I had the opportunity to attend a webinar, called Protecting Your Business from Cyber Threats, offered through the Ontario Chamber of Commerce, the US Consulate General in Toronto, and the U.S. Commercial Service. The speakers were the president of XAHIVE Sem Ponnambalam, Rick Rennie from Mastercard and Scott Augenbaum, a special FBI Agent whose focus is on cyber crime (pretty cool to hear from a real FBI agent!)
Their message was unwavering: businesses need to have a cyber security plan, understand how information can be accessed from their database, and ensure business passwords differ from personal passwords.
The Special FBI Agent laid it out quite clearly: as a business never under estimate the power of your data. He said in most of the cases he deals with the first thing the victim says is, “Why would they hack us? We have nothing the bad guys want.” Wrong, your business has data, information about your customers and vendors.
Hackers dealing in cyber crime are not teenagers in a basement looking for a thrill; these are people after money and information that can fool people into parting with their money.
XAHIVE President Sem Ponnambalam stressed that it’s not a matter of if your business will be attacked, but when, adding that the global cost of cyber breaches per year is around $1 trillion. She says most breaches are due to hardware failures, but human error accounts for 30% of all breaches. SMEs are encouraged to outline protocol for staff and undertake “cyber drills”.
77% of all cyber crimes target SMEs, as these businesses are viewed as the gateway to entering larger organizations or enterprise level clients. Ponnambalam estimates the average cost for an SME to recover from a data breach at about $38,000.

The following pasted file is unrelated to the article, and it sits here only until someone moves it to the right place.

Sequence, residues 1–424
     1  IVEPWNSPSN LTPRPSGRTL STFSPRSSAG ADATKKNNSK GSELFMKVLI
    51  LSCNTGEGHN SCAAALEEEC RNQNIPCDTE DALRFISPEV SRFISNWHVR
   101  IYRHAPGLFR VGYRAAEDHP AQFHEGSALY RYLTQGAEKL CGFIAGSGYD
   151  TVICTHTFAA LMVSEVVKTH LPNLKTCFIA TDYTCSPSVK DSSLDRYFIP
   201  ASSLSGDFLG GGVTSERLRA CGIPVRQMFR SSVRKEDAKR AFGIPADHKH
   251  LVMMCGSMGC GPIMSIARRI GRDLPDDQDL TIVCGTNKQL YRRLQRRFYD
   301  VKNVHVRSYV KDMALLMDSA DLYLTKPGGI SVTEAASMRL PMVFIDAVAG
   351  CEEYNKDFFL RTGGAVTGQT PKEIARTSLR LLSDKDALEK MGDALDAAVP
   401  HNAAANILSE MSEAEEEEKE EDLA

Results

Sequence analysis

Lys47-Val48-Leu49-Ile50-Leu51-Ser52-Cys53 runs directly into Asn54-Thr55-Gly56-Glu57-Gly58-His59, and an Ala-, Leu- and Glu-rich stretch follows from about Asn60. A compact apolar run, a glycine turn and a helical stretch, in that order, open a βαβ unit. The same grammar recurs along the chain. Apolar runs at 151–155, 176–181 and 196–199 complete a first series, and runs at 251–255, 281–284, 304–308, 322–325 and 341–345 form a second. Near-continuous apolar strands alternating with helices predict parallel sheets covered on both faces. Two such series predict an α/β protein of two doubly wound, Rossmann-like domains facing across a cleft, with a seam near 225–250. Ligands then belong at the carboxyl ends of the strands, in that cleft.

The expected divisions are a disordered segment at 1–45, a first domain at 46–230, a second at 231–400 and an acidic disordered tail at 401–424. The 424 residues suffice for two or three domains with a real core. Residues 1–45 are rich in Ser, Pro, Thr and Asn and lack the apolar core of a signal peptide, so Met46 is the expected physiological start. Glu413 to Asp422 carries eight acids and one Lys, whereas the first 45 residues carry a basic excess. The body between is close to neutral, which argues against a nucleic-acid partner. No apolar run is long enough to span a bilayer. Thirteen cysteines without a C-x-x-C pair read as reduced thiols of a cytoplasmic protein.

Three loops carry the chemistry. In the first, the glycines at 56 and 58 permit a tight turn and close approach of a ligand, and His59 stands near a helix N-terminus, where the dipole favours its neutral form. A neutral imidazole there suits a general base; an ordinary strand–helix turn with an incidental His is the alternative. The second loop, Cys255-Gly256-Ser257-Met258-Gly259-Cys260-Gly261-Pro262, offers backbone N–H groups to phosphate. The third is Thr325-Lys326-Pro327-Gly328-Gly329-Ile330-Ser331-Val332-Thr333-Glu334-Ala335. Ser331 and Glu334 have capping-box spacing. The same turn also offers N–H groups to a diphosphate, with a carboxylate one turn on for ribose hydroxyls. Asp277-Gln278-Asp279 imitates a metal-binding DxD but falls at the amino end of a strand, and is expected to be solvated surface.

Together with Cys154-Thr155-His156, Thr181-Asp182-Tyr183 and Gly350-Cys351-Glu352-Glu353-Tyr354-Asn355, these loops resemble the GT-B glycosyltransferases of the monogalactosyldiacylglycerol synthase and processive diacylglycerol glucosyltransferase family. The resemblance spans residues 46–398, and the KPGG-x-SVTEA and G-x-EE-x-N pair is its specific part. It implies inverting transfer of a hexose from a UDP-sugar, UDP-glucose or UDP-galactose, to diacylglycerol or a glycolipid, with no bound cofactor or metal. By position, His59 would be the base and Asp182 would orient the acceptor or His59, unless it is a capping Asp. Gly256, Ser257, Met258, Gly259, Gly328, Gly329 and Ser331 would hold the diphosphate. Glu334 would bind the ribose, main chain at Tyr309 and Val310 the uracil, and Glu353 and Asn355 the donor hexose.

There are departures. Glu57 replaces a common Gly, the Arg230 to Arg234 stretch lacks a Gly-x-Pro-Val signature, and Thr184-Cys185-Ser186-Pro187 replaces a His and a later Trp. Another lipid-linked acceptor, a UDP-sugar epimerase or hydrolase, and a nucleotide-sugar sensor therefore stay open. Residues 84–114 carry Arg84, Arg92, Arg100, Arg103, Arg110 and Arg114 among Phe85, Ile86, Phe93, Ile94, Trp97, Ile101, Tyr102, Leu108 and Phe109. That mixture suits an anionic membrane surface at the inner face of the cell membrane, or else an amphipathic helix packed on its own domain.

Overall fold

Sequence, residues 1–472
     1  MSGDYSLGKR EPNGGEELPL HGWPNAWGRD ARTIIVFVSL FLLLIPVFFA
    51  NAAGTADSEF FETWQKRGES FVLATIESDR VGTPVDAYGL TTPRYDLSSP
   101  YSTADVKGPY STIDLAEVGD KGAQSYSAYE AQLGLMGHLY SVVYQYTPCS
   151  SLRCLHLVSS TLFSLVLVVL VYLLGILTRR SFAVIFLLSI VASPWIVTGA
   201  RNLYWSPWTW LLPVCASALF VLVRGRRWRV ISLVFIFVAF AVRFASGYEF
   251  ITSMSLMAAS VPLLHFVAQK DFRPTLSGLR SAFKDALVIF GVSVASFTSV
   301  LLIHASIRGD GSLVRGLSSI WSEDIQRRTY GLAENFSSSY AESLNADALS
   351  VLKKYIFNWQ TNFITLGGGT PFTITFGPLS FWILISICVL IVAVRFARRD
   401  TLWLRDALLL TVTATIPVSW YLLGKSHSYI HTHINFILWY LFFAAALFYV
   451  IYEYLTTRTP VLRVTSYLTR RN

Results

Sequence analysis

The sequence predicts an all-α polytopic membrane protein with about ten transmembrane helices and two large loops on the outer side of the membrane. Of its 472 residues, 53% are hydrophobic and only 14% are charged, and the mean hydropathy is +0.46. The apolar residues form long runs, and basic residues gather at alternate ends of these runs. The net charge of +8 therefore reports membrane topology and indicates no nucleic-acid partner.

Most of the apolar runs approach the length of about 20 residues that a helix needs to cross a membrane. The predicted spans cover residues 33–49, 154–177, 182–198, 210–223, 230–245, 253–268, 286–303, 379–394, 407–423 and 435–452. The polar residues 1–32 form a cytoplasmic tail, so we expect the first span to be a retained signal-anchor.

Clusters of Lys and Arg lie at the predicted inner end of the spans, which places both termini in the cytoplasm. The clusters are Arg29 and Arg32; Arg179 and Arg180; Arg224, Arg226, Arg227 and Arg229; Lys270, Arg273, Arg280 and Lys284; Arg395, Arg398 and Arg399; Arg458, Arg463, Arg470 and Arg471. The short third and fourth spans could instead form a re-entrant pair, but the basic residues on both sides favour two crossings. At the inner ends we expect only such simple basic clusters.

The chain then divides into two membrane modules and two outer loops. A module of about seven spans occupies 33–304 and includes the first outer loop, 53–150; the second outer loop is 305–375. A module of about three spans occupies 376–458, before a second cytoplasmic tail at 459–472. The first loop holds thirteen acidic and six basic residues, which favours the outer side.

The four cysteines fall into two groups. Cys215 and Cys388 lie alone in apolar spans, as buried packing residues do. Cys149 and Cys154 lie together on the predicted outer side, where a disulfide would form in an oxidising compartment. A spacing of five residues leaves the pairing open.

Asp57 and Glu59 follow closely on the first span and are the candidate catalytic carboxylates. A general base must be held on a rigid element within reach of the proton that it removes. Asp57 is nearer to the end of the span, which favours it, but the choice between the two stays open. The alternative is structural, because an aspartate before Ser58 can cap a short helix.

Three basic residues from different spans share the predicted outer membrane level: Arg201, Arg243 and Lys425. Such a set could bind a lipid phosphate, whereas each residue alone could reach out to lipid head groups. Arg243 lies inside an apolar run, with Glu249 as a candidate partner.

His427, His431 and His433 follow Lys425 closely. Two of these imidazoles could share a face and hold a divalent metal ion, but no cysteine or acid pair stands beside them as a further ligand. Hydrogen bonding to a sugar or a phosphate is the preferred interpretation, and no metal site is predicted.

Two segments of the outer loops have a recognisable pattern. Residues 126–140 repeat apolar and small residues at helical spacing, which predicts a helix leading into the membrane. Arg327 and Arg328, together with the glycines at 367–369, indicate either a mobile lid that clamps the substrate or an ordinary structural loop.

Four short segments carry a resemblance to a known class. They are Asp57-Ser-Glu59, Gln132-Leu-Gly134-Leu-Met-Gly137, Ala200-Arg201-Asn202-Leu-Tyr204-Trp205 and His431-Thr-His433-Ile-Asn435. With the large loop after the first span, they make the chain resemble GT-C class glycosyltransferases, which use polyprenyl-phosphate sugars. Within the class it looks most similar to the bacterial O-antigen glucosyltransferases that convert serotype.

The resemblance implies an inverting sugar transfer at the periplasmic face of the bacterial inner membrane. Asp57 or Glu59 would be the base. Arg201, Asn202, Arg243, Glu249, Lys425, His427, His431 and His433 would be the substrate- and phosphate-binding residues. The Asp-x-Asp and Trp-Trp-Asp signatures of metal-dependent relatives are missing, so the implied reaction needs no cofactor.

She identified a number of sectors that are of particular interest to the bad guys right now including legal, financial, healthcare, insurance, SMEs, and government. The reason for interest in these areas is that data capture is happening more and more through electronic means. For example, online insurance claims or health care programs, and email lists for SMEs.
The federal government is currently reviewing cyber security policy and held public consultations earlier this fall to review measures to protect critical infrastructure and Canadians from cyber threats. A report on those consultations is now in development.
Many businesses are taking in customer payment data at point of sale and it is this information that criminals are targeting, explained Rick Rennie of Mastercard. He says understanding your risk and mitigating it is half the battle. He suggested inspecting your payment terminals on a regular basis to make sure they have not been tampered with, to remove data from your system when it is no longer needed and to use multi-factor authentication to limit access to your system.
Rennie also spoke about passwords, noting that 80% of data breaches involved stolen passwords.
FBI Agent Augenbaum agreed, saying that passwords can lead a cyber criminal from your personal accounts to your business accounts. He encouraged the use of pass phrases that are about 12-15 characters in length.
Agent Augenbaum says that these cyber criminals, many of whom are overseas, want you to click on links provided in false emails. Therefore, “thinking before you click” and ensuring you and your employees are your business’ human firewall are two of the key prevention methods in cyber security.
“There are also very specific hardware and software steps that will minimize the risk of a breach," says Amy Simpson of MicroAge Peterborough. "However, human error remains a single point of failure as these cybercriminals use more sophisticated methods to infiltrate our networks.”
The Canadian Chamber of Commerce has a survey open asking businesses about their use of digital technology as it relates to cyber security.
Watch for more Chamber programming around cyber security in the new year.